Apache exploit leaves up to 65% of all websites vulnerable

Filed Under: Denial of Service, Vulnerability

Apache logoThe Apache Software Foundation has announced a denial-of-service vulnerability that affects all versions of the ubiquitous Apache web server, leaving up to 65% of all websites vulnerable.

A denial of service attack works by flooding a server with information and making it so busy that it locks-up and becomes useless. Normally an attacker would have to martial some serious horsepower to overwhelm a big website but this latest vulnerability allows them to do it with a lot less effort. Frankly it's the last thing the web needs in this summer of me-too hacktivism.

The vulnerability works by exploiting a feature in web servers that gives you the ability to pause and resume your downloads. These days if you have to stop downloading something part-way through you can generally pick up where you left off and you don't have to start again from scratch.

This useful feature is possible because a web server can be told to give you only the part of a file you need. In fact it's possible to ask for more than one part of a file at the same time. And that's the problem. It seems you can legitimately ask for hundreds of very large overlapping parts of a file in a single request. Enough parts that a relatively modest number of requests can tie a server's CPU and memory in knots.

It seems that Apache deals with these kinds of request particularly inefficiently but the exploit is at least partly caused by a weakness in the HTTP protocol itself - the set of rules that determine how any web server should behave. Because all web servers follow the same set of rules it's possible that all web servers are vulnerable to some degree.

According to the advisory an attack tool is already in the wild and in use. Although no patch is available at the time of writing one is expected within hours. In the meantime diligent webmasters will probably want to consider the mitigation strategies outlined in the advisory.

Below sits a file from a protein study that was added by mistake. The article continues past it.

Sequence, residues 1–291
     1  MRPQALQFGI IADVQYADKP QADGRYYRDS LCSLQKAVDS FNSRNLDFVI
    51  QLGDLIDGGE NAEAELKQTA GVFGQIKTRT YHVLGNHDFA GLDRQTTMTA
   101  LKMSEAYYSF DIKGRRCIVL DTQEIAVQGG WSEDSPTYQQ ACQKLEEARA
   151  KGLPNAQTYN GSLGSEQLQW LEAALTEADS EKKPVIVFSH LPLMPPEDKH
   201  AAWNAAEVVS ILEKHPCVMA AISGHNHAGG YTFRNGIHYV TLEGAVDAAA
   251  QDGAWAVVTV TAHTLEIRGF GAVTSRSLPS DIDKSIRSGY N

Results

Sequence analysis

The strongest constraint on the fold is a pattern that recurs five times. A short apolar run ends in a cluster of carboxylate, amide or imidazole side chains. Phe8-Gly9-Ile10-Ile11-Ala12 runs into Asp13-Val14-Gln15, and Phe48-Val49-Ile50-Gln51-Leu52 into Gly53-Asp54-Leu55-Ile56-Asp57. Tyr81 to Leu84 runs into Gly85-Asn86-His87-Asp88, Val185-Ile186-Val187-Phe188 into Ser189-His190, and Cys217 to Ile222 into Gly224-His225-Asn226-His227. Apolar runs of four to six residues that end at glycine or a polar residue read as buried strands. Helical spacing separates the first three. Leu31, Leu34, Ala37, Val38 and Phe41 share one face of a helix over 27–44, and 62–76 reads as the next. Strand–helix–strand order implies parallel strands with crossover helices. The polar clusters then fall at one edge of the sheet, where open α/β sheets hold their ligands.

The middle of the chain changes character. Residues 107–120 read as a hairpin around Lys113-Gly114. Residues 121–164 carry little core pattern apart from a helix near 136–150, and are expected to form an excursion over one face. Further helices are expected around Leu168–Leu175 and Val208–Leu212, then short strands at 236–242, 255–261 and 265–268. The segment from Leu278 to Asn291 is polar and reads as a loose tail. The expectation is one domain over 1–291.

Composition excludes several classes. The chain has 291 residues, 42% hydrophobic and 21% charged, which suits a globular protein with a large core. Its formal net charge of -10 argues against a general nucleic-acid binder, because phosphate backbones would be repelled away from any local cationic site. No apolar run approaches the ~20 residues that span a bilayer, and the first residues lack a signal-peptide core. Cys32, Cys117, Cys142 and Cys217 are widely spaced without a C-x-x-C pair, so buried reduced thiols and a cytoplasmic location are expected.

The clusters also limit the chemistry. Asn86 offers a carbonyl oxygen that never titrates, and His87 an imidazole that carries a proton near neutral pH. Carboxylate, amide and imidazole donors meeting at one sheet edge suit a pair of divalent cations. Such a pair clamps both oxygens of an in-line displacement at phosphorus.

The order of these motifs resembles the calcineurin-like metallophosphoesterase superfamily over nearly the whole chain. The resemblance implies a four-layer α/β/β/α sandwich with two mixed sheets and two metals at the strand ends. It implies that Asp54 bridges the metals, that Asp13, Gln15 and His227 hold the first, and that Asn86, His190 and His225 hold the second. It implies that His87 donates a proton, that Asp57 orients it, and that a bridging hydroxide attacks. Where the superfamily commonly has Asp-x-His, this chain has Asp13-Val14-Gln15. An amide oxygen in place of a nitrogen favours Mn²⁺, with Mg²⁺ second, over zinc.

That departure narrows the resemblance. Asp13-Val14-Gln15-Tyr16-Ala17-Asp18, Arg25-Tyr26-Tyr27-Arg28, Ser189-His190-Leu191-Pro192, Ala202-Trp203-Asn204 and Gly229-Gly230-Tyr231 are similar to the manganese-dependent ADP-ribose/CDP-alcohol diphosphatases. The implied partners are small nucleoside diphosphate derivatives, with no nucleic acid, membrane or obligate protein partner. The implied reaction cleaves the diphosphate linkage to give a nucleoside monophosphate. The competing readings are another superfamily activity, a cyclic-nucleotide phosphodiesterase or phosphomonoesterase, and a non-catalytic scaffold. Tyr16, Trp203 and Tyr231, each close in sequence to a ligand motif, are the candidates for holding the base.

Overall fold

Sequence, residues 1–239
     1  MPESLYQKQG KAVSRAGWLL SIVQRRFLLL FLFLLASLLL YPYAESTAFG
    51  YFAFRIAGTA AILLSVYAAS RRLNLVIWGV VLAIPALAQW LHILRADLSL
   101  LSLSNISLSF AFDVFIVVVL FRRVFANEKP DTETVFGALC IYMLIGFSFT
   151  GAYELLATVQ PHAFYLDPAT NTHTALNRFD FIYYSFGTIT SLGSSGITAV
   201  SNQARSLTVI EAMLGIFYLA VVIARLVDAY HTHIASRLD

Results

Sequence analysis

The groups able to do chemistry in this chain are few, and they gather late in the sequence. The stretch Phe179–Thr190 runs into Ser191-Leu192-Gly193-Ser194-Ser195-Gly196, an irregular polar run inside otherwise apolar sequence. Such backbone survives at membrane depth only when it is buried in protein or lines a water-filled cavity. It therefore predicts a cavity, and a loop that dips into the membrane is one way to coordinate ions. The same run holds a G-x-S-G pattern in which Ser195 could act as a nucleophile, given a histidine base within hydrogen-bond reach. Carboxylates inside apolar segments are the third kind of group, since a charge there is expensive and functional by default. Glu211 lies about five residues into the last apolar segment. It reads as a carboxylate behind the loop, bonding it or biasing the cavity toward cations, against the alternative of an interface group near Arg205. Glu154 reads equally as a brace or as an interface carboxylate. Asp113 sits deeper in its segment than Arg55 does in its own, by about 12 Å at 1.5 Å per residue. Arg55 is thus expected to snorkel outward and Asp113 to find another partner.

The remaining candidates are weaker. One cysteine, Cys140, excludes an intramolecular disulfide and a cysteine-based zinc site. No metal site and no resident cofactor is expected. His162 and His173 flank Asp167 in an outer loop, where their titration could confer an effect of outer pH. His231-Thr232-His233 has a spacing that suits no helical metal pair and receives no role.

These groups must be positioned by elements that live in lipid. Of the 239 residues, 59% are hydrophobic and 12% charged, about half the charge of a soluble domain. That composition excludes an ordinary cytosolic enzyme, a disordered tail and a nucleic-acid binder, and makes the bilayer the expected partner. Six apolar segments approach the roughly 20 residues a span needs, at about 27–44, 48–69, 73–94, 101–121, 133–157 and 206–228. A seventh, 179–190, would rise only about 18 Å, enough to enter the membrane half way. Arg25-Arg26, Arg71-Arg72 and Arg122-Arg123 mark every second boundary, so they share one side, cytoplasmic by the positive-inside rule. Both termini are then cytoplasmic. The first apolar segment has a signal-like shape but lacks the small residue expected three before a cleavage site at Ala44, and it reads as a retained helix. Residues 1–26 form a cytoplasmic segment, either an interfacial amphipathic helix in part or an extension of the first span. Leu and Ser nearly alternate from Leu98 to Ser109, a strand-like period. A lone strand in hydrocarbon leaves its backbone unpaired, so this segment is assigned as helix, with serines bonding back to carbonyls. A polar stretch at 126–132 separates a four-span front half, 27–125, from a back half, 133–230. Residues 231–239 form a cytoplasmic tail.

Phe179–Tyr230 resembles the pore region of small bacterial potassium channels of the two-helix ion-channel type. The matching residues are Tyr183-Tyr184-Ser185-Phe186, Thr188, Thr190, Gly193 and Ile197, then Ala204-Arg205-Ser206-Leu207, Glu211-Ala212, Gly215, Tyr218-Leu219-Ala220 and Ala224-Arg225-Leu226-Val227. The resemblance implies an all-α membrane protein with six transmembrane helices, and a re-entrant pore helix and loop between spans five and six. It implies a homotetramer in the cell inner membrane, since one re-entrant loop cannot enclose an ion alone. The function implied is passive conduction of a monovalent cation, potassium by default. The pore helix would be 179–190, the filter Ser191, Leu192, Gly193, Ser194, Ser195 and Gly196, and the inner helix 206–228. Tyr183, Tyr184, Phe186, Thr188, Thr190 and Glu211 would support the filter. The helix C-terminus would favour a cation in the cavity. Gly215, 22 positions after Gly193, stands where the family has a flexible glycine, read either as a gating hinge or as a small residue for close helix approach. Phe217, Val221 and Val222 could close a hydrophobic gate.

More generally this raises some interesting questions about the wisdom of having so much of the web reliant on one piece of software, no matter how good it is.

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6 Responses to Apache exploit leaves up to 65% of all websites vulnerable

  1. The internet has been falling apart in the last 3 years....I mean, all this personal computer hacking is annoying and all, but it's the REAL computers (that probably don't run windows) that are probably going to hit/hurt us hardest! Like power plants, and cellphone tower/networks, and NASA and stuff will all get hacked and go to hell but we'll not hear of it as much because we're so focused on our own shit getting hax0r3d!

    Anyways....FIRST! :)

  2. withheld · 1150 days ago

    Well, that certainly puts paid to the foolish notion that Open Source software is inherently more secure than proprietary. How long did it take for the crowd to discover this?

    • chip · 1028 days ago

      And the Apple III hardly sold any units, therefore Apple is a company that is a commercial failure.

      When you're looking at stuff like this, you can't single out examples. You need to look at the overall picture, because both OS and proprietary are going to have flaws. Hopefully, you already knew that and I'm feeding a troll.

  3. Teqx · 1149 days ago

    The internet hasn't been falling apart because of hacker culture, hacker culture has been around since the beginnings of the internet, it's just now it's more about money, developing nations get the internet, the criminal hackers get online....

    So what if apache had an exploit that affected 65% of servers, Microsoft should be jelous, this doesn't mean open source is worse than commercial software, at least when there is a known exploit it gets fixed faster and isn't dependent on public scrutiny or inhouse development costs to be fixed.

    "More generally this raises some interesting questions about the wisdom of having so much of the web reliant on one piece of software", would you rather 80%? like the Windows OS....then we can have more one size fits all exploits, and more zero day exploits....install windows and you'll still be downloading security updates come lunch......I prefer my Internet servers and Operating Systems to have variety.....

    • Dont BeDumb · 1061 days ago

      Following your logic we should replace the wheel. Maybe they should use some of them squares I have been hearing about, them wheels are always going flat anyways.

      • Olly · 875 days ago

        following your logic incest would not be a biological problem

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About the author

Mark Stockley is the founder of independent web consultancy Compound Eye and he's interested in literally anything that makes websites better. Follow him on Twitter at @MarkStockley